Review of Wendy Nikel, “Around a World in Ninety-Six Hours”, Analog Science Fiction and Fact January/February (2020): 145–151 (print) – Purchase Here. Reviewed by John Atom.
Polly Wynne is on a scientific mission on Venus, while her brother, Casper Wynne, is on a similar mission millions of miles away on Mars. Fueled by a healthy dose of sibling rivalry, the two place a friendly wager: whoever can complete a full revolution around their respective planets the fastest wins a free dinner. While the first 24 hours look very promising for both parties, the excitement does not last long. A violent wind storm knocks Casper’s communications out and leaves Polly uncertain of his fate. Polly must now use every tool in her arsenal to figure out a way to help her brother.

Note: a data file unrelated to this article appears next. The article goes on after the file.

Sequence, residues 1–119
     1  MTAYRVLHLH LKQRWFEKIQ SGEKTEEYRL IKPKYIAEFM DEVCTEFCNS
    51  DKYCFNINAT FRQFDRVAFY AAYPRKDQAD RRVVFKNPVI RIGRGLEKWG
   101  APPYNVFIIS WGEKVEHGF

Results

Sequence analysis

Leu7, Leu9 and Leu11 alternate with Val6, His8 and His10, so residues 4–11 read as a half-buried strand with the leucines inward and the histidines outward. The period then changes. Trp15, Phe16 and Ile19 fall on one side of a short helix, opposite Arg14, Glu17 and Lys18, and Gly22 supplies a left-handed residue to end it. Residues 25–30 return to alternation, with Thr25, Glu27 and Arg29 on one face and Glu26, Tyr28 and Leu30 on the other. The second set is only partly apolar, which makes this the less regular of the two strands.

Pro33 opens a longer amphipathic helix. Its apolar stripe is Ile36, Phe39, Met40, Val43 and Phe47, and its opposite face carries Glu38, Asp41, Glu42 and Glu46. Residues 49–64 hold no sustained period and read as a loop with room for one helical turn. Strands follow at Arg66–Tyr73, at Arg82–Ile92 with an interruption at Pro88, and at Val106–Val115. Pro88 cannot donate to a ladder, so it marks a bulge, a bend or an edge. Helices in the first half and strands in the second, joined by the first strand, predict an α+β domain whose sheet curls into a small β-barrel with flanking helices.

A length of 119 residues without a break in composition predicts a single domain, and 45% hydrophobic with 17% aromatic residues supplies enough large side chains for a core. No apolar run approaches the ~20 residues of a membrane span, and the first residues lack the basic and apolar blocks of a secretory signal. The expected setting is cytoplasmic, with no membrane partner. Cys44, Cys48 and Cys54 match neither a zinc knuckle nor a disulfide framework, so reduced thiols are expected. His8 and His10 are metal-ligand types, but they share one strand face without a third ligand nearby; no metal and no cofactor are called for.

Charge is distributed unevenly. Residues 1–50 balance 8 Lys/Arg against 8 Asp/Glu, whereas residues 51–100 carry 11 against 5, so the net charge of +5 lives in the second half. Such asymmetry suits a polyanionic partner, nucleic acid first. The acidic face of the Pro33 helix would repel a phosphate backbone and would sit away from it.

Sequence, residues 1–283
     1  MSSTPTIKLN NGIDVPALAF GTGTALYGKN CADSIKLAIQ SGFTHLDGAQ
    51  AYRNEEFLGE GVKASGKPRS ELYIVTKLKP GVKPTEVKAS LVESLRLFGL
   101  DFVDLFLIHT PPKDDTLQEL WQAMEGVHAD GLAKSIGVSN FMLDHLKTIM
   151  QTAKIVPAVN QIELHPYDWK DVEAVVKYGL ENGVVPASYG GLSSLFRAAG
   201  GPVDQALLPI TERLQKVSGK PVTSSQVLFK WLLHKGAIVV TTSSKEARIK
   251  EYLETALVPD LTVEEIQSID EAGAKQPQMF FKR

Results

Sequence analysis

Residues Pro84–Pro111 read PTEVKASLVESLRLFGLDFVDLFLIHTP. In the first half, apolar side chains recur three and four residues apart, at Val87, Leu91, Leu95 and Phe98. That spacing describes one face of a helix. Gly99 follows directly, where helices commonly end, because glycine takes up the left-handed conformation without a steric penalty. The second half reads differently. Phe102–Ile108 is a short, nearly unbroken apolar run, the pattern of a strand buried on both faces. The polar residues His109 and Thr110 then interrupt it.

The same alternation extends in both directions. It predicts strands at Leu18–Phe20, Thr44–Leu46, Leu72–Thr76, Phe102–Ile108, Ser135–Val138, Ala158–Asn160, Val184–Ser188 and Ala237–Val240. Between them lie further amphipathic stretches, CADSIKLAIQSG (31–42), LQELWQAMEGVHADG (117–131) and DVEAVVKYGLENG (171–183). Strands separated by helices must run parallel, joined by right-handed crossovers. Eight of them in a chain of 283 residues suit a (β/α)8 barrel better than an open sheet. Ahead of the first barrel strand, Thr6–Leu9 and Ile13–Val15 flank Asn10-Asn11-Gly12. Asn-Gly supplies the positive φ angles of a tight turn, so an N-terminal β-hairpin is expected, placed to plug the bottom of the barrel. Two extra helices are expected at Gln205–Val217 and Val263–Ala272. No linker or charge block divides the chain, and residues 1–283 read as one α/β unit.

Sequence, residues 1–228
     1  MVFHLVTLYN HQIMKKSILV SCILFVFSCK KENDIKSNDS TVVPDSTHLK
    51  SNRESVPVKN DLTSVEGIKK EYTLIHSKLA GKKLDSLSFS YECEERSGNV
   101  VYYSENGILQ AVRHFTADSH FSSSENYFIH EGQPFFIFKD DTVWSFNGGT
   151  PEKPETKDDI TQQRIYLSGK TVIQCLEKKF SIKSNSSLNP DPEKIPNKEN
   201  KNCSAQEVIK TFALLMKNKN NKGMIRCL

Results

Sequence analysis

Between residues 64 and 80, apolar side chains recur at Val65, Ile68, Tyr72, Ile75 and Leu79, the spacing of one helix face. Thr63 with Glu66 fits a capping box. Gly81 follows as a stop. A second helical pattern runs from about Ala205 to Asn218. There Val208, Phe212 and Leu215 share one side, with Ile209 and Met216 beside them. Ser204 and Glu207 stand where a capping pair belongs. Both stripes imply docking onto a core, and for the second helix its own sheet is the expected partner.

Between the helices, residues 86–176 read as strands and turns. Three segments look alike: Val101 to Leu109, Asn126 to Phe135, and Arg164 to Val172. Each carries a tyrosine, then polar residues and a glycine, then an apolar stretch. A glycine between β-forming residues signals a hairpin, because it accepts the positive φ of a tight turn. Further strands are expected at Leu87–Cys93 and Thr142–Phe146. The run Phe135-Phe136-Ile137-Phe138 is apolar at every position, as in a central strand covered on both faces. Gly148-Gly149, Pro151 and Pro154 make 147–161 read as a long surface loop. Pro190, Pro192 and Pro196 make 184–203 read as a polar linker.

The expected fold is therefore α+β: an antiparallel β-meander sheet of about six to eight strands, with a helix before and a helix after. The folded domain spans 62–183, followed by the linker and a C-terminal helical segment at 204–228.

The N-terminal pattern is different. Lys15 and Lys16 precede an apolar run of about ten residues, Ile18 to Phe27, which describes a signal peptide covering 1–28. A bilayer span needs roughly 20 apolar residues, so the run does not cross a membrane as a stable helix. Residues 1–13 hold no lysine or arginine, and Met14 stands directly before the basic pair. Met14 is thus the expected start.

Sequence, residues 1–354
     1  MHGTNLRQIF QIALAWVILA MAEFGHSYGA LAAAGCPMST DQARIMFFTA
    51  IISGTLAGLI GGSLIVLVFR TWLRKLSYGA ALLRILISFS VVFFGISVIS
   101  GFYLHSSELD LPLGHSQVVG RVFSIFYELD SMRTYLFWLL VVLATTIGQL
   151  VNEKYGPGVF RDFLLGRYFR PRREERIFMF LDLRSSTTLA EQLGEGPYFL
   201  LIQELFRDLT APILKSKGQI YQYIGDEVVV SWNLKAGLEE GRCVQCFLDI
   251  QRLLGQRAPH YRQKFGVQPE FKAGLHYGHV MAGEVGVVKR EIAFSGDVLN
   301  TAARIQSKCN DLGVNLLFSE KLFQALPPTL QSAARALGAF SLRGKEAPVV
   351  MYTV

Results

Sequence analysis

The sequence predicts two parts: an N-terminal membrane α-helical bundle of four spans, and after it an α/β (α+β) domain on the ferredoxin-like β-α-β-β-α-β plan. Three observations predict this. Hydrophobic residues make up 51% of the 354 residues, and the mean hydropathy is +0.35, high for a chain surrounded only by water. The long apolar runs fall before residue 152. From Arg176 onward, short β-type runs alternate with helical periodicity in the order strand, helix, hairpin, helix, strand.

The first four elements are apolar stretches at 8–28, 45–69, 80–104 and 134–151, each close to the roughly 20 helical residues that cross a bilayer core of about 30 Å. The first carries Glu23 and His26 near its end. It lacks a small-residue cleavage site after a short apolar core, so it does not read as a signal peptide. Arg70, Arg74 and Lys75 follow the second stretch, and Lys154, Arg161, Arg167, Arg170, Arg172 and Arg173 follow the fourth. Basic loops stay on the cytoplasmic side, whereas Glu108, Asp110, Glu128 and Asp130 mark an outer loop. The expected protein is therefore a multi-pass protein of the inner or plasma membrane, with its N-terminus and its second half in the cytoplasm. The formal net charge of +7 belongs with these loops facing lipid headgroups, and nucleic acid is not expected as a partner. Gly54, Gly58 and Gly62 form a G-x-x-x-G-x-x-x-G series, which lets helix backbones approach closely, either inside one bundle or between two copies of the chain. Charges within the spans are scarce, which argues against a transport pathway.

The story was more or less a middle-of-the-road piece for me: an interesting premise (e.g. flying airship on Venus) brought down by a not so interesting execution. The author structures the plot cleverly enough to maintain a well-balanced thread of suspense throughout the story, keeping the stakes high until the very end. On the other hand, I found the prose clunky and filled with unnecessary exposition. I can’t help but think that another round of editing would have benefited this story greatly.
Lastly, I’ve never been one to nitpick the science in science fiction, but there are a few things here that might make the reader raise an eyebrow or two. For instance, why did the Mars rover have to resort to Morse code to send its distress signal? If the mic was broken, couldn’t they have send a written message? Or shouldn’t the rover have a dedicated — and separately powered — SOS system? The use of Morse code instead does not seem sufficiently justified.